For a once proud steel town, no matter where you go or where you look, the Steubenville rape case has gripped an entire nation. Now the question becomes how does the city heal?
"The fact that the city has responded through SteubenvilleFact.org with a positive message about this city, of our government, how our police department handled the investigation and our response is that we are doing everything possible. We don't condone the actions of the teenagers," says City Manager Cathy Davison.
Officials and some residents say Steubenville has been unfairly targeted with accusations of corruption. Others say they are only shining a spotlight on an alleged sexual assault by two Steubenville football players that has now turned into a national outrage. But the city is working to develop programs for residents to help heal and rebuild their image.
"Mayor Mucci and Councilwoman Angela Suggs have been meeting with mental health providers and agencies within our community that are going to put together resources to help our community heal," says Davison.
Jefferson Behavioral Health, Family Services, Jefferson Recovery and Prevention Board and other private providers are offering their services to residents who may be having a hard time with the negative attention.
Davison says that although this is a terrible thing that has happened to Steubenville, it has also taught everyone a lesson, such as how to have an open dialogue on how to treat people and respect, that sexual assault is a horrible and offensive action and how we need to educate our children and our youth about respect and proper use of social media.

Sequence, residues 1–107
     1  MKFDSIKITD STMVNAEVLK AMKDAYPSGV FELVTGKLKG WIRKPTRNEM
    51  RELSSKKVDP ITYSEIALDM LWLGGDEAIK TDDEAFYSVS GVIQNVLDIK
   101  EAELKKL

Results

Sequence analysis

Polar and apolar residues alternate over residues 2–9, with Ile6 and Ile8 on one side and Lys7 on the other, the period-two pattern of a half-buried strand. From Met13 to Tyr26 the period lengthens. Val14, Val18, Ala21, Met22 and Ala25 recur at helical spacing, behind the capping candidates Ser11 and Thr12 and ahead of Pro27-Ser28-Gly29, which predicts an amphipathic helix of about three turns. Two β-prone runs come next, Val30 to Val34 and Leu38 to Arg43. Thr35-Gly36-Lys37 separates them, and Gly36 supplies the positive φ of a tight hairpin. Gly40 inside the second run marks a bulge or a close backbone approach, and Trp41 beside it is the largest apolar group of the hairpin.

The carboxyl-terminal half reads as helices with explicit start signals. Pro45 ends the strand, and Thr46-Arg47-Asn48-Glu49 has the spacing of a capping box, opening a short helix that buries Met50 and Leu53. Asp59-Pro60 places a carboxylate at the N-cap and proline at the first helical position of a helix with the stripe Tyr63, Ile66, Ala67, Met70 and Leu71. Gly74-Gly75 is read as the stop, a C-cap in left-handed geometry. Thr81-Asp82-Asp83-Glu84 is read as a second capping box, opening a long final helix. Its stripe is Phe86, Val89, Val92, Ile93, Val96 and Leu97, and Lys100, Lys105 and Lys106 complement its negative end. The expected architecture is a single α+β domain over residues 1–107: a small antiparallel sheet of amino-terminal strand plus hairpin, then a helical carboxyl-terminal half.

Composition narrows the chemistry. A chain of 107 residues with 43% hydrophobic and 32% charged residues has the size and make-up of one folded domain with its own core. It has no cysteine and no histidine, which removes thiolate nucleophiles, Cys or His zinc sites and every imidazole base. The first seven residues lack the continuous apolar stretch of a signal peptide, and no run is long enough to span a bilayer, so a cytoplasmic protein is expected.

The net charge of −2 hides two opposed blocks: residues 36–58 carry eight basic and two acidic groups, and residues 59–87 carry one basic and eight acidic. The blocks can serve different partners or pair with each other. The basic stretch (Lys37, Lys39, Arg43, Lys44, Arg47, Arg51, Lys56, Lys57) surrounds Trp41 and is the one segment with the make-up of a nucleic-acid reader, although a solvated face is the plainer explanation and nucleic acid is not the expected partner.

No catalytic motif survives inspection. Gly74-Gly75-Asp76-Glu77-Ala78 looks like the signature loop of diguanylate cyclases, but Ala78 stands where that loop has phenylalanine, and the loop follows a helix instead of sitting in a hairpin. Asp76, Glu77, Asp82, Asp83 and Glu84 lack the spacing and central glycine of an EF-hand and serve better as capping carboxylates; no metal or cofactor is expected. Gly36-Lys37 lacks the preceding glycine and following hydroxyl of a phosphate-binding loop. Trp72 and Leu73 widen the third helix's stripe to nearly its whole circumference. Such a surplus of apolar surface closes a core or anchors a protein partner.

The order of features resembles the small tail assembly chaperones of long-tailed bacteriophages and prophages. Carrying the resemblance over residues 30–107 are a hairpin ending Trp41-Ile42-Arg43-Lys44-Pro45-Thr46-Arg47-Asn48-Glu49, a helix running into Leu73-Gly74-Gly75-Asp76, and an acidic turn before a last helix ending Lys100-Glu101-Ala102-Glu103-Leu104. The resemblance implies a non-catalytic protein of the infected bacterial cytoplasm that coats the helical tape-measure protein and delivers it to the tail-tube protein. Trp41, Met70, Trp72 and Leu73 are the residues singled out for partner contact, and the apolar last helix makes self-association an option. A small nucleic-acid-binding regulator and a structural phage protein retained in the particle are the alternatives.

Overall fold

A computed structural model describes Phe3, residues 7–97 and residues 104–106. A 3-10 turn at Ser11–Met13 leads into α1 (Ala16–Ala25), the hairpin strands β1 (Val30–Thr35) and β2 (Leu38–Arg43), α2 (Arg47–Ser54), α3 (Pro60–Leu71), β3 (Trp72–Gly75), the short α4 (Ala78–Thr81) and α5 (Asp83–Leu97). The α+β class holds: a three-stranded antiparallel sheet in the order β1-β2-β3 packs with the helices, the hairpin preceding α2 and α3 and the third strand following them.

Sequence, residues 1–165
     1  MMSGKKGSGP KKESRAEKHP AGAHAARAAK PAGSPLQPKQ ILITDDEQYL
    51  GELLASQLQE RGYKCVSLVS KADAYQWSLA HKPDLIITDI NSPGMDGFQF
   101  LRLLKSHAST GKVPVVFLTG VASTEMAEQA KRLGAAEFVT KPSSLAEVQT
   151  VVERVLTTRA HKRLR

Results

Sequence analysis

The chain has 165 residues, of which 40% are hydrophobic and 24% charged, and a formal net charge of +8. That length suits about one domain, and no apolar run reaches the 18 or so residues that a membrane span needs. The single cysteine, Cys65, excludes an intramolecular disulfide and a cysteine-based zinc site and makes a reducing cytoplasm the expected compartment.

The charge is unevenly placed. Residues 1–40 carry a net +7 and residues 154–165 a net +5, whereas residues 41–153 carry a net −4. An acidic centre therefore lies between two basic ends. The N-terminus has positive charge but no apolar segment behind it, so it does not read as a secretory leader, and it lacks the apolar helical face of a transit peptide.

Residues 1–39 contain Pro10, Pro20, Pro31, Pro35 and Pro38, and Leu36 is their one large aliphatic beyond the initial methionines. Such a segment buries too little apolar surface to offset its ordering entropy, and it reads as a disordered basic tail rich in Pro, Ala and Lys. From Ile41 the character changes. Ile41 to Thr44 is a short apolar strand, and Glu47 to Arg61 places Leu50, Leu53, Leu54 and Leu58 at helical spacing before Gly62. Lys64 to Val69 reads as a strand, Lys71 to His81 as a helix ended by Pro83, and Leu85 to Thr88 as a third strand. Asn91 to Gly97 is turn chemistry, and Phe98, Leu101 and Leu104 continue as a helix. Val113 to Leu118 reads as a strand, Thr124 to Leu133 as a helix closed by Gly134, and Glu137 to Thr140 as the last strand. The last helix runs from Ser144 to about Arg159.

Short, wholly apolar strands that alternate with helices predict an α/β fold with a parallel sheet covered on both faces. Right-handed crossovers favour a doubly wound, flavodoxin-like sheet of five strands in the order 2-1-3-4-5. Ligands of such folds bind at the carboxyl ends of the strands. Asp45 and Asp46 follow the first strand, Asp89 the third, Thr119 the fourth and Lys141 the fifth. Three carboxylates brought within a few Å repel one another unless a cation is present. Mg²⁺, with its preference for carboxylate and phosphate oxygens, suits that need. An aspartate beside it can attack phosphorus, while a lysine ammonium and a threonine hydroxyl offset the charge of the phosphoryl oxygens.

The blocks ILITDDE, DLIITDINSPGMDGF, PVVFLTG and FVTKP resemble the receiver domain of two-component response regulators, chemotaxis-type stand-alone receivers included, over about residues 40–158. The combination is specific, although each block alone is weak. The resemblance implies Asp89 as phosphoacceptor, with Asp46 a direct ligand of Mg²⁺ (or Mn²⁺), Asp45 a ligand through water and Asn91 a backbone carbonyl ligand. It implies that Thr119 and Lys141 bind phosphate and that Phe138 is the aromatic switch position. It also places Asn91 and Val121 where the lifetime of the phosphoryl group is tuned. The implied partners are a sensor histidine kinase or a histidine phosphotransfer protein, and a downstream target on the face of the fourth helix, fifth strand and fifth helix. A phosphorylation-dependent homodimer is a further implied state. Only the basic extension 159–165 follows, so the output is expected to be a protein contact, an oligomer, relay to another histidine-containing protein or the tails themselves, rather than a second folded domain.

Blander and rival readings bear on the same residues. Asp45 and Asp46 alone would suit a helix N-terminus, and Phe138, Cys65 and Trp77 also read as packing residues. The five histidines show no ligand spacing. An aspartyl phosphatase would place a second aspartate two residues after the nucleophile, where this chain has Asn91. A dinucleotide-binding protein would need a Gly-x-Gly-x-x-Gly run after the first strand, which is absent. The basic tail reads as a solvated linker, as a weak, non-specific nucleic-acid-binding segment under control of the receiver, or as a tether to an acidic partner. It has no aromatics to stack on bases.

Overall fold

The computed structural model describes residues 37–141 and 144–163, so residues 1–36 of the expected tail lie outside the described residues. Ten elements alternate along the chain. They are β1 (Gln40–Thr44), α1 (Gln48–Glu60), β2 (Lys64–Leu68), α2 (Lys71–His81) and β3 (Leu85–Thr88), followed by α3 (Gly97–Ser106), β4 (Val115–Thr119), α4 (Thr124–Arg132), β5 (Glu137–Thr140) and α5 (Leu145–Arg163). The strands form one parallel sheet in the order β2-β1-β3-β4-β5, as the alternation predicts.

Unfortunately, there is now a negative connotation placed on the city of Steubenville and people who have grown up there and moved away.
"It's sad because the people that say they're from Steubenville, they're proud of being from here and we should be proud of being from Steubenville and our community should not be judged on the actions of a few," says Davison.
The city is now looking to move forward and create a positive image and remind residents of the community that Steubenville really is.
"One of the things that's interesting on our unofficial logo, the tag line is "Where You Always Have a Home" and I truly believe that's the feeling in our community and maybe that's something we can use with pride in Steubenville because we truly always have a home here no matter if you move away and come back, it's always home," says Davison.
The Most Reverend Bishop Jeffrey M. Monforton of the Diocese of Steubenville released a statement Thursday regarding the Steubenville rape case. The statement reads:
"In recent months, the Steubenville community has attracted local and national interest in a context no community desires. However unwelcome, we cannot and should not ignore our attention to these events and those
involved. As we approach the court date for the case of alleged rape, hurt, shame, and concern are abundant among all involved. Sides have been taken and emotions are visible for all to see. Our community is in need of justice and healing as best as can be determined by our civil
means," Bishop Monforton said.
"Silence has proven an ineffective salve to ease the pain and suffering of social or familial wounds. In these troubling days, self-reflection and prayer can be the most effective catalysts to guide our conduct and to nurture healing. As members of the human family, let us place ourselves in God's presence, requesting him to guide all involved in this case and the entire community of Steubenville through his mercy and his healing love. God will not abandon us and only wishes that we remember to turn to him in this and in all difficult times."
There will be a peaceful rally on Saturday at Noon in Jim Wood Park called "Stand Up for Youth."